Last week, the Board of Managers granted the library permission to move into the request for qualifications (RFQ) phase of design. In this phase, the library will outline the project, program and cost parameters for the renovation to roughly twelve architectural firms that they believe will best carry out the project. From those firms, the library plans to select between four and six firms to recommend to the President, according to Terry Snyder, Librarian of the College.
This news follows years of planning and design based on student feedback. In 2009, the master plan, which created a vision for the campus, called for a renovation of Magill and proposed several different locations for the new library: Ryan Gym, the Fieldhouse, or its current location. Following this plan, the Academic Space Planning Committee created four different projects, which designated the library as one of the buildings that would be renovated. In 2011 and 2012, the library gathered information from students through focus groups, surveys, and whiteboards about how they use the library and by 2013, the library formed a working group—composed of 5 students, 5 faculty members, 3 librarians, architects, administrators, and a representative from institutional advancement—to create a concept design. The library continues to involve students in the process by tabling at the Dining Center and other locations around campus.
“Though we have moved through multiple administrations, the planning has been cohesive and well-informed and there’s been a consistency,” said Snyder.
The plans call for many new spaces in the library, based on the needs of students and faculty. The renovated library will include the Digital Scholarship Commons, seminar spaces, and appropriate spaces for Quaker & Special Collections.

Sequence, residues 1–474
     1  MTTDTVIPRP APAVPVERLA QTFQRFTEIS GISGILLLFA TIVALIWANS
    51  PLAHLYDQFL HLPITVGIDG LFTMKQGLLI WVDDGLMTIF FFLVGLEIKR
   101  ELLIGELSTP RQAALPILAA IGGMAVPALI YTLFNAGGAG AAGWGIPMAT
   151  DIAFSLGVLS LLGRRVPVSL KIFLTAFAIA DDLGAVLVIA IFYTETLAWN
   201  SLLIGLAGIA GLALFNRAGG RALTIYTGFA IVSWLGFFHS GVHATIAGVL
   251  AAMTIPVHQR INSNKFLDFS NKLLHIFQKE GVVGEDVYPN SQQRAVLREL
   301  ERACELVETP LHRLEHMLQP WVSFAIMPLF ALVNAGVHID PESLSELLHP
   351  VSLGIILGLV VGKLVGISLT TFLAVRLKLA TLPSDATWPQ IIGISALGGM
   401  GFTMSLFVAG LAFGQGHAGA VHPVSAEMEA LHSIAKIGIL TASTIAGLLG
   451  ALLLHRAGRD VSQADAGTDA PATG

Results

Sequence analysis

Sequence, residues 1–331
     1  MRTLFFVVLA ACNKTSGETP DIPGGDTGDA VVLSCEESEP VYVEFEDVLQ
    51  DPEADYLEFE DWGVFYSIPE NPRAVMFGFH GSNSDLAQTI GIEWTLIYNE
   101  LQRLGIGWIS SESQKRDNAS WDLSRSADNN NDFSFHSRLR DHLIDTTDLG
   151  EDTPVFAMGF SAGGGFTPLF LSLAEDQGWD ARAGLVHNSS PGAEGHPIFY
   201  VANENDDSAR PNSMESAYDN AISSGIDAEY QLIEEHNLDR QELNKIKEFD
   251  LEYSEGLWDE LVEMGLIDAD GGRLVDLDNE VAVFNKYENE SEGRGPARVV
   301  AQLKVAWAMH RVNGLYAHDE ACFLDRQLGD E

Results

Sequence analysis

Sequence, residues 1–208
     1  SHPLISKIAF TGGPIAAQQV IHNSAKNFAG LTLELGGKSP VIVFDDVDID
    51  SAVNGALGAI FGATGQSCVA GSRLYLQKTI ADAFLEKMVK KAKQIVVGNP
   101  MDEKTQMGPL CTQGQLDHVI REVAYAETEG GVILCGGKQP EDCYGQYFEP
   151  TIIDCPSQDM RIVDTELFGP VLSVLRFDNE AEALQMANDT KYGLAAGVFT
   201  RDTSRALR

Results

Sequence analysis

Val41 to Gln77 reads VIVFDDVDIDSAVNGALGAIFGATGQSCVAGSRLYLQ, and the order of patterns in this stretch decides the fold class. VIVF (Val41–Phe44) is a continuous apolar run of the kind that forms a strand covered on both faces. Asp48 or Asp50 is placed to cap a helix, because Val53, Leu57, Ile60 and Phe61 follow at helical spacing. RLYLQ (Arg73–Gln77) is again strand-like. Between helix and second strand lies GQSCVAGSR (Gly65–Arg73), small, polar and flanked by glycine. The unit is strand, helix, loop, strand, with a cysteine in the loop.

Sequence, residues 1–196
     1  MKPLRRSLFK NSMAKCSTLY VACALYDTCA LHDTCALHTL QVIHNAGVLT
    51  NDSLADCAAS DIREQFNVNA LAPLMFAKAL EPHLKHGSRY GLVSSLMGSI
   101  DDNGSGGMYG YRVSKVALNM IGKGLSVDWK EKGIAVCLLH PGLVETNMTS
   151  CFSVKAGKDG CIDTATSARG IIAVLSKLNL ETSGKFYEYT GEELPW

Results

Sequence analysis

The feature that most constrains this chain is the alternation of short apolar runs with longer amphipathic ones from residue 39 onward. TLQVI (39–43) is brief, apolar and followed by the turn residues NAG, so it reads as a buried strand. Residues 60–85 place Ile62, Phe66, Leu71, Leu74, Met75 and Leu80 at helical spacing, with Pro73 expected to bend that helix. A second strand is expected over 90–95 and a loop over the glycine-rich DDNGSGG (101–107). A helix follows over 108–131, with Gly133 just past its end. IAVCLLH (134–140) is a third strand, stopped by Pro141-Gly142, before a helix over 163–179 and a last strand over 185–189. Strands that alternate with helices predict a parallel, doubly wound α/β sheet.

According to Snyder, the gate count indicates that roughly 7,000 people walk through the libraries every week, with Magill representing a large portion of this data.
“We know that people are using [the library], but we know also from the feedback…what people want and we know we need to do this,” said Snyder.
Snyder pointed to a few concerns among students, including the need for group study rooms, a greater number and variety of study spaces, a cafe, better seating, and access to outlets, faster Wifi, and adequate lighting.
“We talk about light here on campus, we talk about inner light, we talk about wisdom, we talk about knowledge—all of these light references—and this space is a very dark space,” said Snyder.
According to Snyder, the library has not had a refreshment in the last fifty years, though most libraries have a refreshment about every 15 years. As a result, the building has not kept up with technology and other demands. She also added that the library’s role in academic life has changed in this time:
“Libraries have shifted from the repository paradigm…to spaces that are much more engaged in user-centric paradigms.”
Snyder is excited about the future of the project, but recognizes that even as the project moves forward, there is still a long process ahead.
“We’ll continue in the RFQ process, in the RFP [request for proposal] process and in the design process to engage the community. It’s very important to us to get it right, especially when we’re doing something this monumental,” said Snyder.
The library hopes to complete the project by 2019 or 2020.
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